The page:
Foster care youth and the development of autonomy

Research output: Contribution to journalReview article


Homelessness, unemployment, and food insecurity are the unfortunate reality for many young adults who age out of the foster care system. These rates remain high even for youth who participate in independent living programmes prior to exiting foster care. These high rates of poor outcomes suggest that many foster care youth are inadequately prepared to transition to adulthood. In order to improve services for youth preparing to age out of foster care, it is important to identify factors that contribute to these adverse outcomes and that could become targets of further interventions. One such factor, an underdeveloped sense of autonomy, may predispose youth to poor outcomes such as limited educational attainment, unstable housing, and unemployment. At least in Western cultures that value individualism, interventions that foster the development of autonomy during adolescence could potentially improve outcomes for youth in foster care. This article aims to review factors that promote the development of autonomy and discusses the unique barriers to autonomy development faced by youth in foster care. I conclude with several intervention strategies that could facilitate the development of autonomy in foster care youth and recommendations for future research.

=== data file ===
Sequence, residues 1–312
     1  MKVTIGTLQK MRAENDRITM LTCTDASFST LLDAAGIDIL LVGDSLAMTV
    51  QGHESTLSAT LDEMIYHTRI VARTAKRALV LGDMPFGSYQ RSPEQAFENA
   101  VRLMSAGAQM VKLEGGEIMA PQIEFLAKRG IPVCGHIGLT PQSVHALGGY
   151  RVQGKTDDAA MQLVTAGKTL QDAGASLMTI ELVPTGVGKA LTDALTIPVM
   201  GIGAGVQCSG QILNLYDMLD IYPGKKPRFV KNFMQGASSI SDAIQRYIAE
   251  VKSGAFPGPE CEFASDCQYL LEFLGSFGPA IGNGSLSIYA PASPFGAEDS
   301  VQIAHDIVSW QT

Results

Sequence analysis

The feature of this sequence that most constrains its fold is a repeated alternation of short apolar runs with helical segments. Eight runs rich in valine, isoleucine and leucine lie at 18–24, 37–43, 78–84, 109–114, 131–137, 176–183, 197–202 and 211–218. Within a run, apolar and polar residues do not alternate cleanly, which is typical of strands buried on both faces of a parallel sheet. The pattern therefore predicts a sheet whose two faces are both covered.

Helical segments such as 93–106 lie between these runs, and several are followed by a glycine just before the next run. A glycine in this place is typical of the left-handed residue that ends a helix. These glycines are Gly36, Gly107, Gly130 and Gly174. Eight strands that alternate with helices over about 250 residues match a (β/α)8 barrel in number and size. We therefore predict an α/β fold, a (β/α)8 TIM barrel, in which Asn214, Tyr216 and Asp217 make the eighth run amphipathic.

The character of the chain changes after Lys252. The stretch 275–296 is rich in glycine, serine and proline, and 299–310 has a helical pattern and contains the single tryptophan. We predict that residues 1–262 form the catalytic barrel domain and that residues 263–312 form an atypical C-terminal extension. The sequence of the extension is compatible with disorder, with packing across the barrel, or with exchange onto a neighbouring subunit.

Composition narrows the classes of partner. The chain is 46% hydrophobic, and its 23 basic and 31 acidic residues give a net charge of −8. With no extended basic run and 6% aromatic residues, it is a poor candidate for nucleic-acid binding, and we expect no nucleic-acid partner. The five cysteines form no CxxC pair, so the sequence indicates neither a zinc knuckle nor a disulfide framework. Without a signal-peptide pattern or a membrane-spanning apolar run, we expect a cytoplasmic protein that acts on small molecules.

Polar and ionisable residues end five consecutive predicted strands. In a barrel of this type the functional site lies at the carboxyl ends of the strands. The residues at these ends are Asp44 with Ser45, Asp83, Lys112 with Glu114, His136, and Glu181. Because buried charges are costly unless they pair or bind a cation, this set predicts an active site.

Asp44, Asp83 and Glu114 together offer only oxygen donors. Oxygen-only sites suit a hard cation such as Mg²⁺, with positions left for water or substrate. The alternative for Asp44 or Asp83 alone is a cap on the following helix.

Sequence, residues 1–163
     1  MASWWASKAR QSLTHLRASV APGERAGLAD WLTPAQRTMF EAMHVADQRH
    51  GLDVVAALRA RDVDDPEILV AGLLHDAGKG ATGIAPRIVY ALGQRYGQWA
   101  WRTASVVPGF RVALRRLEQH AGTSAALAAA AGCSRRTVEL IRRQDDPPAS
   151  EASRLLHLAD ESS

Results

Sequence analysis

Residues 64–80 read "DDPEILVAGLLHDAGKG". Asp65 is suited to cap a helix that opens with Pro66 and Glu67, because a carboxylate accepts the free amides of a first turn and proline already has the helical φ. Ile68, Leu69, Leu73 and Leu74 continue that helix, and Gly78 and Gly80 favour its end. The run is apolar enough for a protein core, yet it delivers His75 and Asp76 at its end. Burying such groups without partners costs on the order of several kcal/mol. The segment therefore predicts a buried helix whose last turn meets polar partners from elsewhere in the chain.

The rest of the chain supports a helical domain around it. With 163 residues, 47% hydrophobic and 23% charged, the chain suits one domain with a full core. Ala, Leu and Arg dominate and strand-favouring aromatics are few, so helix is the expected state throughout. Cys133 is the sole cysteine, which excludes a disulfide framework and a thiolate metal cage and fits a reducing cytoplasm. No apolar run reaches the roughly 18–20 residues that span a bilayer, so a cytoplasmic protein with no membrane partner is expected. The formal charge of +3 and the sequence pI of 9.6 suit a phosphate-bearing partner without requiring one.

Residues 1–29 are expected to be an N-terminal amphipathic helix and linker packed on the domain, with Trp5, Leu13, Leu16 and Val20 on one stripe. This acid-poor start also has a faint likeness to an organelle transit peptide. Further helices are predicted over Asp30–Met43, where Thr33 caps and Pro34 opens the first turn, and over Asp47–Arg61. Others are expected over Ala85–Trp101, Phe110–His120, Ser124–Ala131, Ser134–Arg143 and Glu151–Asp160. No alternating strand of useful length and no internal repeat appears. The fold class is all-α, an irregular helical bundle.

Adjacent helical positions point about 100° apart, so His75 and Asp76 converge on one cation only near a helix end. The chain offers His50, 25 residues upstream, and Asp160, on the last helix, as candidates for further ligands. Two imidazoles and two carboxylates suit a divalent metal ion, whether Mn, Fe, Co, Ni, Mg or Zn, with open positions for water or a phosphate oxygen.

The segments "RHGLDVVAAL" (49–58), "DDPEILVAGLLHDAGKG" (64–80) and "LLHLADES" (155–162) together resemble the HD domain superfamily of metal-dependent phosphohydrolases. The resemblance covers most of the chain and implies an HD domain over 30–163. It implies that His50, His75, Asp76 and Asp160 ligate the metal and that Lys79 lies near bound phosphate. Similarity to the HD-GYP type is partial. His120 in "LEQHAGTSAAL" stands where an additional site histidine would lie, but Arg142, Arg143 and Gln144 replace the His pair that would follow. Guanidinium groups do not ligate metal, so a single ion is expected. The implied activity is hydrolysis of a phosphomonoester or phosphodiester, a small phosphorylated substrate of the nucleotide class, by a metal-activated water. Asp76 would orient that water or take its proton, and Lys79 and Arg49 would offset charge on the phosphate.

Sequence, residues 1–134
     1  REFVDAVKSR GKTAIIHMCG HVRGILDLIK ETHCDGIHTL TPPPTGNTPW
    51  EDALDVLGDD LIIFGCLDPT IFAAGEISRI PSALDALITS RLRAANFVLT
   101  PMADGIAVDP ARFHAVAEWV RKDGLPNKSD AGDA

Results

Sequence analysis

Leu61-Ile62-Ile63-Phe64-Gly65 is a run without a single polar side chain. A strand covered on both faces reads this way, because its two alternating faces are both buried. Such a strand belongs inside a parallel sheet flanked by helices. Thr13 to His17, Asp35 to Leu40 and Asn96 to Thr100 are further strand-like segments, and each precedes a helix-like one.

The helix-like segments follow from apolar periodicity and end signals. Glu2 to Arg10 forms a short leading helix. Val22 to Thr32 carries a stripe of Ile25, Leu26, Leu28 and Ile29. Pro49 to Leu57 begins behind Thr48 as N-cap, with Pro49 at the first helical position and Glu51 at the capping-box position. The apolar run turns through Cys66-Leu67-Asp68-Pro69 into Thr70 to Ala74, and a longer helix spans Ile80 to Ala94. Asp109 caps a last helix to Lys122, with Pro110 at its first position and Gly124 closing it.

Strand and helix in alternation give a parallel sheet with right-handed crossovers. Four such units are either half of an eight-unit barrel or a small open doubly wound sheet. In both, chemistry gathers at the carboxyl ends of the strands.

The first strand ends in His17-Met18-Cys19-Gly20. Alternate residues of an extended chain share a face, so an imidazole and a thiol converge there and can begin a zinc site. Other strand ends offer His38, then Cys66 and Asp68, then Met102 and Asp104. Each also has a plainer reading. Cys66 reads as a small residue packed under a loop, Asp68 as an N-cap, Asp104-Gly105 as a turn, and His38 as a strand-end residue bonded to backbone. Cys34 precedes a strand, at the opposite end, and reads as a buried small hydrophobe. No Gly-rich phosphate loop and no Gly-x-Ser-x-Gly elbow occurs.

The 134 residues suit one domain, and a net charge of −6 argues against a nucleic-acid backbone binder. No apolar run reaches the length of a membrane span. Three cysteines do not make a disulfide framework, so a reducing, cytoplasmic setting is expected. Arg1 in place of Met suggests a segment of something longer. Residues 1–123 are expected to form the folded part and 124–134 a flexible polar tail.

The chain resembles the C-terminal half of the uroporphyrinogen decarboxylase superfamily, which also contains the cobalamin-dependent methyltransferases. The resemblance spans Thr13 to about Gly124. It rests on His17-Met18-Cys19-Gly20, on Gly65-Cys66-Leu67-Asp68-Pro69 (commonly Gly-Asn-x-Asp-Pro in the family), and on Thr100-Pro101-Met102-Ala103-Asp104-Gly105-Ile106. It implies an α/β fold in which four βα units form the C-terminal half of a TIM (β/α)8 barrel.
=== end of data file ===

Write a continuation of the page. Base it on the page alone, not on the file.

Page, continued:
Original languageEnglish (US)
JournalInternational Review of Psychiatry
Publication statusAccepted/In press - Jan 1 2020



  • Adolescent
  • autonomy
  • child
  • development
  • foster care

ASJC Scopus subject areas

  • Psychiatry and Mental health

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